So, as always, the night bite seems to be better for producing bigger fish whereas the daytime we tend to hear about more schoolies than anything else (UNTIL TODAY!!!!) And that is what we have mostly heard about this past few weeks (AGAIN, UNTIL TODAY!!!) Lots of small fish again are here in sizes ranging from mid teens to mid twenties. Some days being better than others, like Adam Ledger has found out. First day of drive on for him produced about 40 schoolies…….next day only a couple. But hey, they would call it catching, not fishing if it was that easy! And as always, top of the incoming tide along the oceanfront is a popular time to fish, but never leave until the after the tide turns and you catch the start of the outgoing. A lot of times it is the changing of the water movement that can produce fish! The same can be said for the low tide. Low tide is very popular in the mouths of the rivers here, the Merrimac River at the north end of the island and the Parker River at the southern end of the island (which is where Sandy Point State Reservation is situated). Low tide has produced small fish this past week at both spots on different days. But again, never leave until you have caught the started of the incoming tide and the water has shifted.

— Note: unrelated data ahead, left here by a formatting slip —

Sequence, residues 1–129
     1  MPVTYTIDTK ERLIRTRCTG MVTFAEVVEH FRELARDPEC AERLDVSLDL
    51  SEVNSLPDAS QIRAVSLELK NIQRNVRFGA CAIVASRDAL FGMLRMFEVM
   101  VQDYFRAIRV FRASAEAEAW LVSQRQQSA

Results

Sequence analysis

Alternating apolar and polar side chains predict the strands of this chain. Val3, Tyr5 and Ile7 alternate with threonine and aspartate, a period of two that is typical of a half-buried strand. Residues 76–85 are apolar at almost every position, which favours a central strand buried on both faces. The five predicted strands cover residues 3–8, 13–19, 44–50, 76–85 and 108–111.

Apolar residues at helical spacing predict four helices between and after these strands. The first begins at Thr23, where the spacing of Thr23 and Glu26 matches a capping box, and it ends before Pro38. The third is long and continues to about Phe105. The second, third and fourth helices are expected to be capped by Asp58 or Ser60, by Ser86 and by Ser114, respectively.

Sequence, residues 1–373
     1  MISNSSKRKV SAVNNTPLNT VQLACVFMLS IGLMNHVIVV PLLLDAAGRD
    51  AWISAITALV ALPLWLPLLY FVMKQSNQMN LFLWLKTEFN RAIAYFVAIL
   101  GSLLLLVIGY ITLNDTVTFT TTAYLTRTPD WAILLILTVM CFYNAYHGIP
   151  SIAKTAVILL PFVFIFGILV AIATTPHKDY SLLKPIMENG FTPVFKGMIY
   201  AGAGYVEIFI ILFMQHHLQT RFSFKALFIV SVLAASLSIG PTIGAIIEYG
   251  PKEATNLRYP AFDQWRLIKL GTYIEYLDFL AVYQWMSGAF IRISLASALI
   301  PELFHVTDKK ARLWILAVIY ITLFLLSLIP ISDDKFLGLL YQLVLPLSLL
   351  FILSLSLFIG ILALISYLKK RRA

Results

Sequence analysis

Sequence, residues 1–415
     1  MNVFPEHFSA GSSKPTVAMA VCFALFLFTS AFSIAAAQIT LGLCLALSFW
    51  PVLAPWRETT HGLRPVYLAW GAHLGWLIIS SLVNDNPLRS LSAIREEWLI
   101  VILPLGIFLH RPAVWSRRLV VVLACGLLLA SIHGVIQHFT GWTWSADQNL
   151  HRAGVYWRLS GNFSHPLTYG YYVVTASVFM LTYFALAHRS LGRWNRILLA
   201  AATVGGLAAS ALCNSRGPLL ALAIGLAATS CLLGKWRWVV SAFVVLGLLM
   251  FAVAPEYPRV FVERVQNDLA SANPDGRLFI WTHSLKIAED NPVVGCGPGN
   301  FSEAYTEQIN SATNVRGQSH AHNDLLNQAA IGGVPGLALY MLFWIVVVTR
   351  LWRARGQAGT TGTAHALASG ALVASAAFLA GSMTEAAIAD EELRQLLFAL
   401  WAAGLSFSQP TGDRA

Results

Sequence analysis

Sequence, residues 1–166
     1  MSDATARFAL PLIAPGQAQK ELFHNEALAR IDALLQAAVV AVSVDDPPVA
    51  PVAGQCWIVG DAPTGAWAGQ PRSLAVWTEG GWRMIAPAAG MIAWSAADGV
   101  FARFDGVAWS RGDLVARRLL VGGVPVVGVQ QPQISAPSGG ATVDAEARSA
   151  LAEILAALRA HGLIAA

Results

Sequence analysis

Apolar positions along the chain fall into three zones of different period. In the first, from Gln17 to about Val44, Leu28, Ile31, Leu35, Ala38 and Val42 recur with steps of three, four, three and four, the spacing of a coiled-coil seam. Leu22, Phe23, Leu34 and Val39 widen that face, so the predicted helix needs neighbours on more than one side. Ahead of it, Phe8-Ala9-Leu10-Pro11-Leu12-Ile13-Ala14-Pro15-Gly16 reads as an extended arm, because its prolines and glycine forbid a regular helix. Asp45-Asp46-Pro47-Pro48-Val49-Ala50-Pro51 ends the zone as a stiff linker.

So we have been hearing reports over the last few weeks of Fluke back in the area. But not until this weekend did we have any kind of proof. Fluke (a.k.a. Summer Flounder) have been caught inside both the Merrimac and Parker River. Two different groups out of the Parker River have caught some. Ed and Andy Kelly and also Zach Pinciaro and his friend Dom. Ed and Andy recommend fishing either side of the high or low tide especially during the slack tide before the current gets crazy. Their bait of choice from the boat is mackerel. Take a mackerel and fillet it so you have strips and they will flutter in the current. Ed recommends if you are going to try to catch some from the shore to try casting a fillet and slowly drag it across from the bottom jigging it now and then. a good place to try this method would be the southern end of the island around the Sandy Point and Emerson Rocks area. In the Merrimac, we might suggest over on the Salisbury reservation near Badgers Rocks ( area near the campground inside the river). Each of the two parties listed above caught one keepah each, but also lots of shorts. The regulations for fluke are: minimum size is 17″, 5 fish possession limit, with the season open from May 23- Oct 9.
SEAWORMS & Other Baits
What a year for bait. We have struggled this year at times to keep some baits in stock. At the beginning of the season it was a struggle to find the mackerel. Then getting clams were an issue off and on with us having to get some from other places and not knowing the quality was tough for us. And worms, let’s discuss worms….. this past weekend were the worst digging tides of the whole summer, and there have been bad tides already! We are expecting a few later today, and hopefully build up the supply for the weekend. But if you plan on coming down we suggest calling and reserving some. We will do our best to fill every order we get. And we thank you for your support and understanding.
As most know, the moon controls the tides. Here is some info in this link for those interested.